There’s the thundering Gullfoss at the end of the Golden Circle, one of the most famous sights in the country. In the south, Seljalandsfoss and Skogafoss are striking and pretty, while Goðafoss and Dettifoss in North Iceland roar with the power of strong glacial rivers. For many, admiring the waterfalls in Iceland is one of the main activities you’ll do on a ring road trip around the country. If you want to know where to find the most beautiful waterfalls in Iceland check out our article: Top 10 Most Beautiful Waterfalls in Iceland.
Witness the Volcanic Power of Iceland
Situated over a hot spot in the Earth’s mantle, Iceland is one of the most volcanically charged countries in the world. The landscapes are molded by eruptions, with lava fields spilling into the ocean, canyons carved out by glacial floods, and craters caused by explosive and violent volcanoes.
Getting up close and personal with this raw energy is another of the best things to do in Iceland. There are lava fields aplenty, and brooding volcano peaks across the Highlands as well as giant craters that you can hike across. You can see real-life lava at the Icelandic Lava Show in Vik, delve into lava tubes hollowed out by previous eruptions, and even descend into a dormant volcano – the only place in the world where such activity is available.
Dive Between the Tectonic Plates
One of the most unique experiences you can have in Iceland is to dive between the Eurasian and North American tectonic plates. At Thingvellir National Park, you can see the rift for yourself and even take a stroll through the middle of the plates as they emerge from the earth. This is a highlight of the area, and it doubles as another attraction in Thingvellir Lake: the Silfra Fissure.
This is the site where you can dive between the two tectonic plates, delving into the deep, spooky water. An eerie clear-blue color, it’s a once-in-a-lifetime experience for divers. If you’re not keen on diving, there are also snorkeling tours available as well.
To make the most of any trip to the country, you’ll need a car to get out and explore. Our car rental in Iceland has a range of great vehicles, suited to whatever type of traveler you are.
Explore the Black Sand Beaches
The South Coast of Iceland is very popular among tourists, and it's one region you should consider exploring. Iceland's coastal erosion and glaciers have left most of its coastline jagged up, with fjords defining the East, West, and North. However, due to the constant glacial flooding on the South Coast, the rocks have eroded into black sand.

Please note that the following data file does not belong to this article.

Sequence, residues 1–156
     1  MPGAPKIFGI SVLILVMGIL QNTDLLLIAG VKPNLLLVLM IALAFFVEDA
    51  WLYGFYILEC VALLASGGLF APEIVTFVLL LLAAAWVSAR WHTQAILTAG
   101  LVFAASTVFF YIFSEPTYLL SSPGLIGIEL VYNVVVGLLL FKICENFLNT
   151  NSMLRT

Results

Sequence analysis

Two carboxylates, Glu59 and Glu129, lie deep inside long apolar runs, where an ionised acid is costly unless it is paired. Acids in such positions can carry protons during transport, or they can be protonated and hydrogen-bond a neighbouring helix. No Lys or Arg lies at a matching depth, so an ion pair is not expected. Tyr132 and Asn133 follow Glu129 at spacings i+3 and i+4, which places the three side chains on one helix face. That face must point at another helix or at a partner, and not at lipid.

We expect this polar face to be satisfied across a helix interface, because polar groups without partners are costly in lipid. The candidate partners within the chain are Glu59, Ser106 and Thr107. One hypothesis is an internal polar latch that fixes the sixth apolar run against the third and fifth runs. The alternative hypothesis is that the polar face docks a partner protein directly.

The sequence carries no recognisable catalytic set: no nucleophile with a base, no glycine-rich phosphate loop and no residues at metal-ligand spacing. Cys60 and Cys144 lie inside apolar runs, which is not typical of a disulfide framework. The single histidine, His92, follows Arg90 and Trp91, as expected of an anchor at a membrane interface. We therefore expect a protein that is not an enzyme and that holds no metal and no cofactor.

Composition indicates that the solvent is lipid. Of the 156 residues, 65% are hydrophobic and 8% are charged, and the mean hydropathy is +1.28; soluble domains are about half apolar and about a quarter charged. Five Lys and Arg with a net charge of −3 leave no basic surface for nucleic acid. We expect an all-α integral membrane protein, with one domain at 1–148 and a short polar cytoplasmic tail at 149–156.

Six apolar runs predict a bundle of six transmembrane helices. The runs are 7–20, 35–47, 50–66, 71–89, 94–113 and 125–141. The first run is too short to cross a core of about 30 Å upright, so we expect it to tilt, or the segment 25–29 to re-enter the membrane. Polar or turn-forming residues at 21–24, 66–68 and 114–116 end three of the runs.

If you decide to go there, be sure to explore the most famous black sand beach in the country called “Reynisfjara.” Like many other amazing places in Iceland, Reynisfjara’s beauty lies in its stark and out-of-this-world landscapes. Exploring black sand beaches might be one of the best things to do in Iceland, but note that it’s forbidden to swim there.
The water is dangerously cold and has strong currents. Reynisfjara beach is especially risky as the sneaker waves can unexpectedly surge ashore. Stay 67-100 ft. (20-30 m) from the surf and obey the safety advice provided at these attractions.
Experience the Tranquility of the Eastfjords
If you're looking for an off-the-beaten-path adventure, then the Eastfjords are your best bet. The area is sparsely populated and is the country’s farthest point from the capital. The Eastfjords also have few tourists, which provides the peace and tranquility many seek on their trip here. Those who visit often return, claiming it was their favorite part of the island.
Driving through the high mountains and dramatic cliff edges, you'll see breathtaking seascapes and jaw-dropping views of the Vatnajokull National Park and its gigantic central glacier. Despite the lack of developments, the east has several settlements like Seydisfjordur, Egilsstadir, and Djupivogur, where you can find food, gas, and exceptional accommodation.
These small villages and towns are right in the middle of awe-inspiring natural surroundings. While driving through the Eastfjords, be on the lookout for the local wildlife, especially reindeer. These were introduced to Iceland from Norway in the 18th century, but only those in the Eastfjords managed to survive. The most likely place to spot them is at the fjord near Seydisfjordur or on a super jeep wild reindeer tour.